Created: Thu, 05 Sep 2013 04:45:00 EST
Updated: Thu, 05 Sep 2013 11:56:08 EST
The turmoil in Syria hits close to home for a least one student in Middle Georgia.
Lena Hamvas' is a senior at Mercer University studying global health. Her history runs deep in Syria. Her great-grandfather was the president of the country in 1957. This summer she got a chance to work with a non-government organization to help Syrian refugees in Jordan cope with the emotional toll the ongoing conflict is taking.
"I learned more about what is really going on in Syria from the people," said Hamvas right near the campus of Mercer University.
Hamvas still has family in Syria, family that won’t leave the country due to their undying love for it. For that reason, Lena wanted to get a close to the country as possible to help where she could without being in immediate danger. She spent three weeks of her time out of school counseling refugees with a non-governmental organization.
"I have always wanted to help with the Syrian Issue, what was going on because my family is from there and I have always visited Syria," she said.
Lena’s great grandfather president of Syria in 1957 and she has visited the country seven times in her lifetime, which helped her warm up to refugees with ease. This time her travel to Middle East was with a mission in mind.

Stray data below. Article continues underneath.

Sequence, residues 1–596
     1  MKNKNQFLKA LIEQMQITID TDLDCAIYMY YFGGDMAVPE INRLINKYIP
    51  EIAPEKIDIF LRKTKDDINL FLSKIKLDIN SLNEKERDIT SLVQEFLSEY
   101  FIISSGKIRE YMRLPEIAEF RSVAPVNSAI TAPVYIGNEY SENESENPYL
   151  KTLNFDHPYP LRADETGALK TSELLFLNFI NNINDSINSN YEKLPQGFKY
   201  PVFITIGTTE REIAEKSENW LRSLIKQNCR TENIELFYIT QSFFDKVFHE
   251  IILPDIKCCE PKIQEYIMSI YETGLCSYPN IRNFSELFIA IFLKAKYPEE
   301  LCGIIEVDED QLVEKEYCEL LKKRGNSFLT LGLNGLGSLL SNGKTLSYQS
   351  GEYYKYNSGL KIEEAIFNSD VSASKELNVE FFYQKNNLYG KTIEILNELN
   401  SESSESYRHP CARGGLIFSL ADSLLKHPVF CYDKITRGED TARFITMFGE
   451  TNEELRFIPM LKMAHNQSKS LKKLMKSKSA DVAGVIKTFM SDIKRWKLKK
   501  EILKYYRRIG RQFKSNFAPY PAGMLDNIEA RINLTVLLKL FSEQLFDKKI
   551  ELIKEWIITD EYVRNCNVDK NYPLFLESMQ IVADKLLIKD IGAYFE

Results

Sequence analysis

"We drove around to houses where Syrian refugees were staying and we spoke to them about the N.G.O.,” she said. "They help them with psychological problems. They wanted them to talk about their problems so they would feel a little bit better about what's going on."
The video is of a Syrian refugee girl living in the refugee camp, Camp Zataari, in Jordan the second largest refugee camp in the world. Giving Lena insight she calls unimaginable.
"In the news we don't really get the perspective of the refugee, in general,” she said. “Refugees in Amman are hopeful. They believe that god will bring them through. That's really what's getting them by."
Now Lena wants to help educated the masses on the Syrian refugee perspective. "What can we do to further again in this situation and refugees in general and how we can spread the word out to communities in America and abroad.”
“No matter what, who, or where it is, I am always against violence. In my head, there is never a reason for violent war,” said Hamvas when asked about United States military involvement in Syria.